Even when we try to unplug over the summer, stories of devastating tragedy sneak through our filter. It’s been impossible to avoid the news of children and adults in peril in water across Australia this Christmas.
As parents, a day at the beach is our great love and fear.
Our children love the ocean and so do we as it keeps them happily entertained for hours. However keeping our kids safe on the beach requires constant vigilance.
Queenslanders know the surf is no joke. Every time a person drowns in our country it devastates a family forever and creates one lifetime of regret about what could have been.
Water safety has always been very important in our family.
My grandfather Norman Strachan was captain of the Austinmer Surf Club and one day back in 1917 he saved a drowning child’s life. It changed the course of his life.
My Dad is still passionate about water safety decades after his tiny goddaughter drowned in her family’s swimming pool. Dad was determined from then on to work with paediatricians and powerful advocates like Laurie Lawrence and other parents to introduce pool fencing laws. It was an epic battle to get the legislation passed. Real people power in action. We went with our parents to meetings and rallies and we watched as they politely agitated for change.
I now realise the most enduring imprint my parents left on me – the personal is political and the political is personal.
Water is a part of how we live in Queensland. As Queenslanders we have to understand the waterways, the surf, the pools, the rivers, the dams. My memories of childhood holidays spent on Dicky Beach loom like a giant movie in my mind. We would swim for hours, clamber across the rock pools and eat toasted sandwiches. No devices, small black and white telly, sand in the bed at night and so exhausted we would sleep like logs.
The Sunshine Coast in the 1970s was iconic Australia. The sand was so hot you bolted across it and sunscreen was new. My mum and dad had five little kids. I picture them wrangling the old foam surfboards, towels, hats, buckets and umbrellas for all five of us with enormous sympathy. It was heaven for us and anxiety from hell for them – and that’s not even when we were out in the water.
Growing up we were lucky to have years of swimming lessons in Brisbane which stood us all in great stead. We would swim all year round with our friends, sometimes 12 in a pool until our lips were blue and teeth chattering – reluctantly climbing out after a long day. We became confident around water and had parents watching closely in shifts.
Of course the lifesavers were ever present when we were on the beach too. Today when we take our kids to the beach they are accustomed to thanking the lifesavers at the end of the day. Bill and I have made learning to swim a high priority for our kids and our youngest has just started nippers. It brings us joy to see her learning these skills. Her Queensland cousins have been Kings Beach nippers for many years.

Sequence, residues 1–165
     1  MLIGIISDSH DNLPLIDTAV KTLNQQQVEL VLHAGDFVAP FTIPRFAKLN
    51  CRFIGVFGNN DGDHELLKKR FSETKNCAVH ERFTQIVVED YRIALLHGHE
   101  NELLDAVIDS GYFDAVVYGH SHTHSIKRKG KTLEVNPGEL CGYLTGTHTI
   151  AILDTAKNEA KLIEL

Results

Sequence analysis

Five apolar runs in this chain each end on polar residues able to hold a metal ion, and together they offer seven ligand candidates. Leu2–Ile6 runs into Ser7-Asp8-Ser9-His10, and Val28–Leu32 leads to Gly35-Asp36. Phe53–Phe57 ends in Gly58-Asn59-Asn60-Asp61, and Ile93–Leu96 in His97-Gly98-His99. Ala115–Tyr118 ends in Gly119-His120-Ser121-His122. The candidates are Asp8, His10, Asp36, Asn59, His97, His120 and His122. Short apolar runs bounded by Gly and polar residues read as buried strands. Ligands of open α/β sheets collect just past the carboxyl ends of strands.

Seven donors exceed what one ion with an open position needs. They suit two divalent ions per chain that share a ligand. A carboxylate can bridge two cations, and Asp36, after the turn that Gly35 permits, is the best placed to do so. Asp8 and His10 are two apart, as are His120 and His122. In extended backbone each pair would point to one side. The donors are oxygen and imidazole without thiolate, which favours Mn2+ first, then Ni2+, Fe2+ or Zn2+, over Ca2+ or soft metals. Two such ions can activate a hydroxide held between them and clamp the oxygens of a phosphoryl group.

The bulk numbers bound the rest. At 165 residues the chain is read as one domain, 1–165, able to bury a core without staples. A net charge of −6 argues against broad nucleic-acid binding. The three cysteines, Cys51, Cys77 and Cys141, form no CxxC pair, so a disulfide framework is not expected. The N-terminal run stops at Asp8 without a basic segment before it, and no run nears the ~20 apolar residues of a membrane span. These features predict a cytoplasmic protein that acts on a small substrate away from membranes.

We believe that every child deserves the opportunity to learn how to swim properly because too many young people are growing up without acquiring sufficient water safety skills.
Last year almost 250 people drowned in Australian waterways. One in five drownings were people under the age of 25. This summer has been particularly tragic with 65 drownings in our waterways. Our hearts break for their families. We want to make sure Australian children are strong swimmers and safe in the water.
Sadly, Australia has not yet got a national approach to swimming and water safety education. In many cases, the level of water safety education a child gets is dependent on where they live or their parents’ income. The cost of swimming lessons can be prohibitive. This in unfair and it is unsafe. We don’t want children to miss out.
I come from a family of swimmers. I had the opportunity to be in the life-saving team at school. I know I was really lucky to have these opportunities. I am over the moon Bill and his colleagues are going to announce a really substantial answer to this problem that has resulted in so many senseless deaths.
Currently, about one in five kids leave primary school unable to swim 50 metres. We must change that. We want Australian kids to know how to swim 50 metres, tread water and how to respond if they fall into water unexpectedly.
As parents nothing matters more to us than the safety of our kids. Supervision must be constant, however we want our kids to have vital swim skills, a gift that lasts a lifetime.
Originally published in the Courier Mail.